The suit is brought by Clark, under the Act of May 9, 1866, 14 Stat. 44, Rev.Stat., secs. 1059, 1062, which authorizes the Court of Claims to hear and determine the claim of any disbursing officer for relief from responsibility on account of capture or other loss of funds while in the line of his duty, and for which such officer was and is held responsible, and, in case the loss has been found to be without fault or negligence on the part of such officer, to make a decree setting forth the amount thereof, which shall be allowed as a credit by the accounting officers of the treasury in the settlement of his accounts.
The Court of Claims finds that the claimant lost by robbery, while in the line of his duty as assistant paymaster in the army, at Franklin, Texas, on the sixth day of April, 1865, a package of government funds; that the package was in his official safe at his quarters, and the loss was without fault or neglect on his part. The fifth finding of the court, and the one which was made to supply the defect found in the case when it was here before, is as follows: "The package of government funds which the claimant lost by robbery, as above stated, contained the sum of $15,979.87."
If this were all, there would be no difficulty in holding that these findings sufficiently established all that is necessary to support the decree in favor of the claimant for a credit of that sum in his account with the government. But the Court of
Claims has mingled with, and made a part of its finding of facts, and sent here as part of the record, the proceedings of a court-martial which tried and convicted Thomas Boylan and Louis Morales of committing the robbery by which the money was lost. It sufficiently appears that the only evidence on which the Court of Claims made its fifth finding -- namely the amount of the money which was in the government package so lost, was the record of the court-martial, and that claimant there testified to the amount of the loss. Also that he was of good character, personally and officially; had always kept regular and exact accounts of the funds in his official custody; made due returns in regard to them, and properly accounted therefor. And that he immediately reported to his superior officer that the funds in that safe were $15,979.87, which was the amount of the loss appearing in his official reports, and charged against him as a deficiency on the final revision and settlement of his accounts by the accounting officers of the treasury.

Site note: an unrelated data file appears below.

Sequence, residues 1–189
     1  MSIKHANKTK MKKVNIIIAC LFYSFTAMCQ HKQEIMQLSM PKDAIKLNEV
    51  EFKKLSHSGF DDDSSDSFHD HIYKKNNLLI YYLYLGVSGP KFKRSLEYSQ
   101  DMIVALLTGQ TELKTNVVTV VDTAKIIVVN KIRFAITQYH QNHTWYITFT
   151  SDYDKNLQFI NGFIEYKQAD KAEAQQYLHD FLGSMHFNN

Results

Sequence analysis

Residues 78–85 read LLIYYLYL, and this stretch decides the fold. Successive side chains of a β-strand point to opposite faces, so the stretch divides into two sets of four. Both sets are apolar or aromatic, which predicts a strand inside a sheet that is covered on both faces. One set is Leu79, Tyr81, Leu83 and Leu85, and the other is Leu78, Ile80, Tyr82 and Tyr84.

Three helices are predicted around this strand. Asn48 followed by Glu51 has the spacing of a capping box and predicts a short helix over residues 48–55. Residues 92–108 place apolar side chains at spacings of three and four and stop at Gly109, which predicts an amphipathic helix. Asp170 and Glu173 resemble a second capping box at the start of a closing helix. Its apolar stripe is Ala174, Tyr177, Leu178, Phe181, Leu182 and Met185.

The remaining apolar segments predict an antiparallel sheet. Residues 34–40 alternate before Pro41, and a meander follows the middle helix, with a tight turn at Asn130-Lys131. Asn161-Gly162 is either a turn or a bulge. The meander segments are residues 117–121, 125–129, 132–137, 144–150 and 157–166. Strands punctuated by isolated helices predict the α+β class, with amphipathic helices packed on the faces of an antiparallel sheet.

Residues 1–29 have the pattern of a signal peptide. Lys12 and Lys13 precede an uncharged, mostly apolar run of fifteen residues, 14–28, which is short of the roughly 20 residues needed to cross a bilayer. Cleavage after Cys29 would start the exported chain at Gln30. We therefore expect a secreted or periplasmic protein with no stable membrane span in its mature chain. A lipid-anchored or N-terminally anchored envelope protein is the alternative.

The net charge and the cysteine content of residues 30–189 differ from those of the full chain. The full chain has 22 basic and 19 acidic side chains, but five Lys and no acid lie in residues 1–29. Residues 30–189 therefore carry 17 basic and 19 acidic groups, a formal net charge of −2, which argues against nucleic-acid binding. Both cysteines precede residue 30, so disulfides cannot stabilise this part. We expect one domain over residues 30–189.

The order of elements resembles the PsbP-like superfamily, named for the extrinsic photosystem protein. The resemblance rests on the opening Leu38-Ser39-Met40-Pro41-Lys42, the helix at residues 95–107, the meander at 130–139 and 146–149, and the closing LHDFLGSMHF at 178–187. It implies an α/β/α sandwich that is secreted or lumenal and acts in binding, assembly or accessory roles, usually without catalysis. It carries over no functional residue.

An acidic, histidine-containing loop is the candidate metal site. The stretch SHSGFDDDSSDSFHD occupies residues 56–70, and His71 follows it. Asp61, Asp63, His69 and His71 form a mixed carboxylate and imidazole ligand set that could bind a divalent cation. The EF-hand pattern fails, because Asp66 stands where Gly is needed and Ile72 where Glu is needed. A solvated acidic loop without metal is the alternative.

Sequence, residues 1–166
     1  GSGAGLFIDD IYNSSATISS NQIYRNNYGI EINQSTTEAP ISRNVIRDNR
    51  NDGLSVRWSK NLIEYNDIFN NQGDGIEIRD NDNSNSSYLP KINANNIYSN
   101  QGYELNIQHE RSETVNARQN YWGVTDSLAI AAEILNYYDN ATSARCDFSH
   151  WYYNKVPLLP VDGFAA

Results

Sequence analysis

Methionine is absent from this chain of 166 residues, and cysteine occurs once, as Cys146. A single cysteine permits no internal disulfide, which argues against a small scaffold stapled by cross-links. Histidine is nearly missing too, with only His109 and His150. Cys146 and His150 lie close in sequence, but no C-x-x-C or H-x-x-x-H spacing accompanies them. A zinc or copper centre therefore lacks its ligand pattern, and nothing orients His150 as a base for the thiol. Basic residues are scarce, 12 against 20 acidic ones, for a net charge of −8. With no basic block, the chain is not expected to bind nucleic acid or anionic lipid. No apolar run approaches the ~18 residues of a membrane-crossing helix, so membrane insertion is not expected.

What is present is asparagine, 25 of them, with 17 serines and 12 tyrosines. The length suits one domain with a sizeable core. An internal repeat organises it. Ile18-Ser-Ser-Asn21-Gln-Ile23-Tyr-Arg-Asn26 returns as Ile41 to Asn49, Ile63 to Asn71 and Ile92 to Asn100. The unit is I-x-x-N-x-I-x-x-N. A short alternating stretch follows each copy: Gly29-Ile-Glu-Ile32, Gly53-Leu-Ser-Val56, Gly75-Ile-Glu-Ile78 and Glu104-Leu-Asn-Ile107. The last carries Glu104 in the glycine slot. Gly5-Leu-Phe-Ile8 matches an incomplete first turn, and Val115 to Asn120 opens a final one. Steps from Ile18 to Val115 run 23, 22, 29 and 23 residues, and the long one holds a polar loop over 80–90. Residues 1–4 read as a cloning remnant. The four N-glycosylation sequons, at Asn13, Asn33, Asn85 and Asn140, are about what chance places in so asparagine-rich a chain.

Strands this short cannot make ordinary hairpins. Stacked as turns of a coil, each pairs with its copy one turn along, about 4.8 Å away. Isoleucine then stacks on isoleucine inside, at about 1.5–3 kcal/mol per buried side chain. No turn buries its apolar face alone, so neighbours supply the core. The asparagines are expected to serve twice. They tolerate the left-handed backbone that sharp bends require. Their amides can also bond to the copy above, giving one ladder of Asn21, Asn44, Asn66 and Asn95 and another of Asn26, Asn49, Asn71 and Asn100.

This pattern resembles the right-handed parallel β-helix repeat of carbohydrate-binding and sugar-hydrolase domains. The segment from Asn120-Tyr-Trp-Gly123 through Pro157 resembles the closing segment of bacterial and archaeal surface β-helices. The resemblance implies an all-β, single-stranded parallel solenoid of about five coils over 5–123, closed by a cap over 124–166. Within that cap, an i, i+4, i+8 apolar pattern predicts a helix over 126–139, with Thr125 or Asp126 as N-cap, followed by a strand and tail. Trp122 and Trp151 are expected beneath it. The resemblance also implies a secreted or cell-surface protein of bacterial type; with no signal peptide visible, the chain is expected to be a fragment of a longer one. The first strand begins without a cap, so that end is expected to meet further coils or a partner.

It is clear that upon this testimony alone the Court of Claims fixed the sum lost by claimant. We are asked by the counsel for the government to hold that it is not competent evidence to establish that fact.
It is manifest that, before we can do this, we must also hold that where that court has found in due form, and presented to us one of those ultimate facts which it is required to find, and which is necessary to its judgment, and has at the same time presented as part of its finding all the evidence on which that fact was found, we can look at both findings to see whether that evidence was competent proof of that fact. This is precisely what was done in Moore v. United States,91 U. S. 270.
Counsel for the United States insist that a party in the Court of Claims has a right to bring before this Court for review any and every ruling of the Court of Claims upon the admission or the rejection of evidence, and also its weight and effect upon the case. The question thus presented is one of much perplexity, and involves the right to a bill of exceptions in a court which sits without a jury, where the evidence is all in writing, and whose judgments we have, by our rules, sought to make final as to all the facts in the case.